As estate-planning attorneys, we often find ourselves forced to act as family counselors for our clients—despite our lack of formal training for this role. In fact, the psychological aspects of our job are often overlooked and misunderstood, although they’re arguably more important than the complicated tax planning, asset protection advice and legal services we provide.
Our own practices impress upon us the estate planner’s need to address the psychological. In just two days, one of us recently was in all of these situations: meeting with two different client families to mediate estate disputes; celebrating a client’s wedding; attending a client’s funeral; paying a Shiva call for another deceased client; assisting in the hospital signing of “deathbed” estate planning documents; and participating in a fundraising event for a client charity.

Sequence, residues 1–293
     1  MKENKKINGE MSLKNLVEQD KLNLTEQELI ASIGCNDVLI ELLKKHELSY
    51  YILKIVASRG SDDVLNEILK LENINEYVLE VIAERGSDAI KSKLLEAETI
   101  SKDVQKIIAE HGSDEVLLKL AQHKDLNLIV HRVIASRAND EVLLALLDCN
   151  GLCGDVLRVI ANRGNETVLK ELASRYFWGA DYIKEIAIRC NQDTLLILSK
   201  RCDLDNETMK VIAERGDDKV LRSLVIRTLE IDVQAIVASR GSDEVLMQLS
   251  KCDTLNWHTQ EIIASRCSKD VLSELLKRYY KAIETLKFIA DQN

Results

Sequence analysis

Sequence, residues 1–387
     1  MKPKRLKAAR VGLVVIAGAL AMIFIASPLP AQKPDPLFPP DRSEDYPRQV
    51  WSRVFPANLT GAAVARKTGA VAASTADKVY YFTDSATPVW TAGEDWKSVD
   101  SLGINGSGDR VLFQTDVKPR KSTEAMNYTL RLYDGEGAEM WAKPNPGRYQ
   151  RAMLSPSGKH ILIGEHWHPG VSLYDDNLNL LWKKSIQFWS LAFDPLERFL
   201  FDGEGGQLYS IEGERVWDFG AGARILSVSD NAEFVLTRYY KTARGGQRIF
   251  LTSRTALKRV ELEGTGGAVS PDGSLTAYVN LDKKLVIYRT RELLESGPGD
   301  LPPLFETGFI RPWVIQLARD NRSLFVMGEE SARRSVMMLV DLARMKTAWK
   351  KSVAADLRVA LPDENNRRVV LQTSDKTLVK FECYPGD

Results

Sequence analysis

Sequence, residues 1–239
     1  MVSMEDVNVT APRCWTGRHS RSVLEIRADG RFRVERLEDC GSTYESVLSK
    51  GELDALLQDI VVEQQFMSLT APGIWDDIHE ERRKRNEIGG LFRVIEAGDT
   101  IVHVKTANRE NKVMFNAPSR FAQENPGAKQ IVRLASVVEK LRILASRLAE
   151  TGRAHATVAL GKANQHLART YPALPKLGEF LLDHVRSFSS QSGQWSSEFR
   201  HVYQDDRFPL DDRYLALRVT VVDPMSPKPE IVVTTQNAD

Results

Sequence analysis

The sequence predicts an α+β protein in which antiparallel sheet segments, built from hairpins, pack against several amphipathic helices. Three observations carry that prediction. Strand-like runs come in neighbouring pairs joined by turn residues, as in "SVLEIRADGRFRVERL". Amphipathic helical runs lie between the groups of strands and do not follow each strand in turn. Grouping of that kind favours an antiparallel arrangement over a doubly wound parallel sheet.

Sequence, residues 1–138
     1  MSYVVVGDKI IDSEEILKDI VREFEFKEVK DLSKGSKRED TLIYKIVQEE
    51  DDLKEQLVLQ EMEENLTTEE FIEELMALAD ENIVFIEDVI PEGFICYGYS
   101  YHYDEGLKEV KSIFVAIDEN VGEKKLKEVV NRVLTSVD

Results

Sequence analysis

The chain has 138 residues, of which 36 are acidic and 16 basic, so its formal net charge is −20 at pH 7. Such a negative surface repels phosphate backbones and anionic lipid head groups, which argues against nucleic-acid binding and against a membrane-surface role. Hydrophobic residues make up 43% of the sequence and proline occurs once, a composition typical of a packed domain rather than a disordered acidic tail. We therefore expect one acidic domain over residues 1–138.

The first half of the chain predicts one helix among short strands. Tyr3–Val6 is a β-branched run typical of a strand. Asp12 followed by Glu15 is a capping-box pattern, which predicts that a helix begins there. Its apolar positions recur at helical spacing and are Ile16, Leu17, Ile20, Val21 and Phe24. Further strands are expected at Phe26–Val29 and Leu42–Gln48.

This article, by Avi Z. Kestenbaum, co-chair of Meltzer Lippe’s Trust & Estates Department, originally published in Trusts & Estates, highlights the profound responsibility that estate planners bear in terms of changing family dynamics for better or worse.
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